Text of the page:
The placing of signs also plays a role when putting the names of different shops on the façade and interior of a shopping centre. If the names are incompatible then the customer can become disorientated. We have seen some quite amusing cases. For example on the façade of one shopping complex there were the names of two shops: Women’s clothes and electrical goods. The names were placed directly under each other over the entrance, they were the same colour and the letters were a similar size. As a result the names were visually united into one. Everything would have been all right if it were not for the names of the shops: A sign with a very intriguing content met the visitor’s eyes “220 volt Charm”. What kind of charm was this? Anyone could imagine what the shop sold depending on the extent of their imagination and sense of humour (for example items for extreme intimate fun, ladies’ underwear or women’s self-defense goods). Here is another good example from our collection. Two clothes’ shops were renting the first floor of a block of flats. The first was called “Coquette” and the second was simply called “Menswear”. Both signs were automatically placed next to each other on the façade. Another excellent result with the conspicuous sign “Coquette Menswear” which no doubt evoked smiles and gossip from the locals.

Audio and tactile navigation

Often shopping centre planners have an elevated idea about the level of knowledge and education of their potential customers. This can be seen in their means of navigation. A low level of education is not a distinctive feature only of poor developing countries. Even current research of the USA Department of Education shows that almost half of Americans do not have sufficient functional literacy that is the ability to effectively use text messages. About 15% of Americans for different reasons connected with health find it difficult to read notices. Worsening eyesight has not only been observed among the elderly, but also among young people who spend long hours in front of a computer. Initially, audio means of navigation were mainly for the blind and people who could not see well. However it has been revealed that audio communication has a positive effect on trade. Many modern devices can work silently, however if this happens sounds disappear which help all customers find their bearings and feel at home in an unfamiliar environment. Audio “markers” can appear in key places, in the galleries of shopping centres and in rest places, and could be for example the sound of falling water from a fountain.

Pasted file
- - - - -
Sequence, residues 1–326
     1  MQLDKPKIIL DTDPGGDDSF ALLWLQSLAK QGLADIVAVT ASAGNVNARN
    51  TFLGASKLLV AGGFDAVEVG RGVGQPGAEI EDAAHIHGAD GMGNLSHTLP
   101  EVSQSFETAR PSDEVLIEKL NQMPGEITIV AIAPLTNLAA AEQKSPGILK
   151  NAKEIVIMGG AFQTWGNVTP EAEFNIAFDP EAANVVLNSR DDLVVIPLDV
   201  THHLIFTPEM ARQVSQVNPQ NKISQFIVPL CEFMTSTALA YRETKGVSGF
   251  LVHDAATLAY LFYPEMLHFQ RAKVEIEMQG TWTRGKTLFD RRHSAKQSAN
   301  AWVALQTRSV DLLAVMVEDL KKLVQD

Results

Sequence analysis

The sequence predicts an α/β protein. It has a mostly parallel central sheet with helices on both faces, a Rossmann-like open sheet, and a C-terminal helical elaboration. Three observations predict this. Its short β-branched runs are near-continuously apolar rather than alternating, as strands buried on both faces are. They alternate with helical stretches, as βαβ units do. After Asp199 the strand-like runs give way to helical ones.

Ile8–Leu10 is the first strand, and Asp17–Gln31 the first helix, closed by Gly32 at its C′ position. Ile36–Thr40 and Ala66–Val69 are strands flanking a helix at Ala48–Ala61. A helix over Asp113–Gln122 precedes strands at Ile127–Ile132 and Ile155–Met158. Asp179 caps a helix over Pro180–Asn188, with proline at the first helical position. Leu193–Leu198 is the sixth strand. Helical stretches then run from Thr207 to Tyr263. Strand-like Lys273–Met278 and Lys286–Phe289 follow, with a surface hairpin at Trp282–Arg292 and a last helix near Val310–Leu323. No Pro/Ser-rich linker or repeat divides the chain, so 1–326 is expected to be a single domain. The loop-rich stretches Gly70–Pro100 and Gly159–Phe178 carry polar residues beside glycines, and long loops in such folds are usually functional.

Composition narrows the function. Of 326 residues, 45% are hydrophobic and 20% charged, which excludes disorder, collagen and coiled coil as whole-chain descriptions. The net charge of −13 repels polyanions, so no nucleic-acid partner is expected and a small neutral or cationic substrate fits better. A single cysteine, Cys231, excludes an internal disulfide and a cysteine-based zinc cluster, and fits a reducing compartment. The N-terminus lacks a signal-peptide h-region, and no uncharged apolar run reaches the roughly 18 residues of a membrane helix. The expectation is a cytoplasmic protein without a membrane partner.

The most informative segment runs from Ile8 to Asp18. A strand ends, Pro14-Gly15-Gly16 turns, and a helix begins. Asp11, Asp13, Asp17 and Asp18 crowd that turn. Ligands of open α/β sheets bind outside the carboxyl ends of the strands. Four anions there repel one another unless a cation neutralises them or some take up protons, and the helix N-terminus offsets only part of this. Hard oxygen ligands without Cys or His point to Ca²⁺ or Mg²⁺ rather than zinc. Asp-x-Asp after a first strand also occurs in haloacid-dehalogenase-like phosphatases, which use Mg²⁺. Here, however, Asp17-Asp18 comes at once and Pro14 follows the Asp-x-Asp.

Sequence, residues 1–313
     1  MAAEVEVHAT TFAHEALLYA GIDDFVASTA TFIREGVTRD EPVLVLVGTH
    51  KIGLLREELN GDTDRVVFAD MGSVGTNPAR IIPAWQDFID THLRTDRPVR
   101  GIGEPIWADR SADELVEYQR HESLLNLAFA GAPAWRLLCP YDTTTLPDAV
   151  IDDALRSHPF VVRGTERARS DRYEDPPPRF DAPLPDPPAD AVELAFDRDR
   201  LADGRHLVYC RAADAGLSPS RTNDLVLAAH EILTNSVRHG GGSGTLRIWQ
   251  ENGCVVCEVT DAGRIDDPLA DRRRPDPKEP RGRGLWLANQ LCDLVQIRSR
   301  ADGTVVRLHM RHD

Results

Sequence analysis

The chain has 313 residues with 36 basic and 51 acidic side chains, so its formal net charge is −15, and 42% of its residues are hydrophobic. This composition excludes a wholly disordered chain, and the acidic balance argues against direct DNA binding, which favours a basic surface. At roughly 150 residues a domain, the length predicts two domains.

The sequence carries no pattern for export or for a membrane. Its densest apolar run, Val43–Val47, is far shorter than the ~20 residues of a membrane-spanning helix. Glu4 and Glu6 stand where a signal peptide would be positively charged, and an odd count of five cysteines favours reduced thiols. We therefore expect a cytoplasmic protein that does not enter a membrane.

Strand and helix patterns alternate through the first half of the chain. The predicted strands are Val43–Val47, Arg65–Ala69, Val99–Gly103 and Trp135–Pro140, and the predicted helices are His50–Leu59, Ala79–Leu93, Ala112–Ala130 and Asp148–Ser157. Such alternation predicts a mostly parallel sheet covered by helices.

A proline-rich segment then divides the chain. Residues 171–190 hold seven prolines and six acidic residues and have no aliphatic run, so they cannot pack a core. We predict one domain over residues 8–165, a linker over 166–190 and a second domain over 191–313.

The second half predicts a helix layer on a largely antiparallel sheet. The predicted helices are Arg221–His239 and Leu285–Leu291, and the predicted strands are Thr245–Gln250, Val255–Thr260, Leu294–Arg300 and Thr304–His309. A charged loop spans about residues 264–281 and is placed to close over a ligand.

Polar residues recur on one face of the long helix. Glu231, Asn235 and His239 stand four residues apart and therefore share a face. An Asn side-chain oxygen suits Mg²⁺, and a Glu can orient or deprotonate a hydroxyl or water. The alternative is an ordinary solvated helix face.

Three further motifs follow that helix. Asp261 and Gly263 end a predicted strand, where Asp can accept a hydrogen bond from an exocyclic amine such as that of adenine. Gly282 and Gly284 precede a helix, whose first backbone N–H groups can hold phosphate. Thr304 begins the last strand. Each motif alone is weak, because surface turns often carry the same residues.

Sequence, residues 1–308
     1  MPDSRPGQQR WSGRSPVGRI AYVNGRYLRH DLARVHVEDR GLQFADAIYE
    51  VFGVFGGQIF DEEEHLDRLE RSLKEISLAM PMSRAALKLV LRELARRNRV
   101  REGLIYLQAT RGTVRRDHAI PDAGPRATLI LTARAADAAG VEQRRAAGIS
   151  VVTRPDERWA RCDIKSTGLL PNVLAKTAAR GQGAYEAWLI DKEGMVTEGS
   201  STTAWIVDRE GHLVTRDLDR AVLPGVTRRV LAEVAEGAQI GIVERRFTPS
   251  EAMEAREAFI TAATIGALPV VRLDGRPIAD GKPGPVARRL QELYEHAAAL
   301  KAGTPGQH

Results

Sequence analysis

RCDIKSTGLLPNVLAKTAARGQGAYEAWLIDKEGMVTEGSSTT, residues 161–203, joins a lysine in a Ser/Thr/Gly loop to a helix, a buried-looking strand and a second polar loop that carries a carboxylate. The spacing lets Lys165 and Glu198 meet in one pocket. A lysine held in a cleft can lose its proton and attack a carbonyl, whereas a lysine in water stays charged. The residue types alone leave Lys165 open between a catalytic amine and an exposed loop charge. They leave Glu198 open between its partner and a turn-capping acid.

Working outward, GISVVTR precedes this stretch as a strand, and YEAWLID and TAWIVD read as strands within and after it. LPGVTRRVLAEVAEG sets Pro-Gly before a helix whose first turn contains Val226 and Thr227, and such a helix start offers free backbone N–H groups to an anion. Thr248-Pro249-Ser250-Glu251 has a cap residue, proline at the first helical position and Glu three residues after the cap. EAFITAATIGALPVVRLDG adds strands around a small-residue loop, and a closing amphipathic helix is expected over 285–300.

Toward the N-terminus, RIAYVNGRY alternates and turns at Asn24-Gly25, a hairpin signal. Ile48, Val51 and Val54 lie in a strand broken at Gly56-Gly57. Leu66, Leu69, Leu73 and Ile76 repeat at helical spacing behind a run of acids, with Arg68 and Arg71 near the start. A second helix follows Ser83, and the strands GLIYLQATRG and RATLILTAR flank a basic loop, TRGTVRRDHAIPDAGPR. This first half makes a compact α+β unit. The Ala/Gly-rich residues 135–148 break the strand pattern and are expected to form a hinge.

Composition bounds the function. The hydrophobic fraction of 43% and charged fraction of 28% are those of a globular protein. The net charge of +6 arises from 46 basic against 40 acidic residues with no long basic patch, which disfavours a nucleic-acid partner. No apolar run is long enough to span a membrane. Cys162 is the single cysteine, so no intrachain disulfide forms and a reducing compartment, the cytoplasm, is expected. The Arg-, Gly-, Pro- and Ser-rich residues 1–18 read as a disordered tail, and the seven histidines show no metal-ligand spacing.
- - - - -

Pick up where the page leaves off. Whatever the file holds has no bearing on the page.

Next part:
Warning sound signals are obligatory on any form of mechanical transport which transfers customers around a shopping centre. Before the end of an escalator or travelator the visitor should hear a sound to have time to get ready to come off the moving stairs or belt. Usually an escalator goes over a “sound strip” when it comes to the end. They have a trick on American roads to stop drivers falling asleep. On certain sections of the road there is a surface which is very noisy when cars drive over it.

The moment a lift arrives at a floor it is accompanied by a sound of a melodic gong and a sound signal is also given when the lift doors close. In American practice for planning and running public buildings the use of audio signals is expanding. For example audio signals could enable people to find the location of information stands, toilets and other key places in a shopping centre. In newer shopping complexes sounds complement the music and the sound environment becomes richer and also more tactile.